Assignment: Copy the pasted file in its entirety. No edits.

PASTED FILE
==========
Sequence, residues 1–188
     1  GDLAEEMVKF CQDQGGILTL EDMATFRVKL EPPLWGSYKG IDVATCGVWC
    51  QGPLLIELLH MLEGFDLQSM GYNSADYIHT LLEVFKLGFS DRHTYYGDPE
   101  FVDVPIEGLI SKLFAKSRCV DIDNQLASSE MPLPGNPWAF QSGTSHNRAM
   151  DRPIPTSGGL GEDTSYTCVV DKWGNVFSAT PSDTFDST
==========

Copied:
Sequence, residues 1–188
     1  GDLAEEMVKF CQDQGGILTL EDMATFRVKL EPPLWGSYKG IDVATCGVWC
    51  QGPLLIELLH MLEGFDLQSM GYNSADYIHT LLEVFKLGFS DRHTYYGDPE
   101  FVDVPIEGLI SKLFAKSRCV DIDNQLASSE MPLPGNPWAF QSGTSHNRAM
   151  DRPIPTSGGL GEDTSYTCVV DKWGNVFSAT PSDTFDST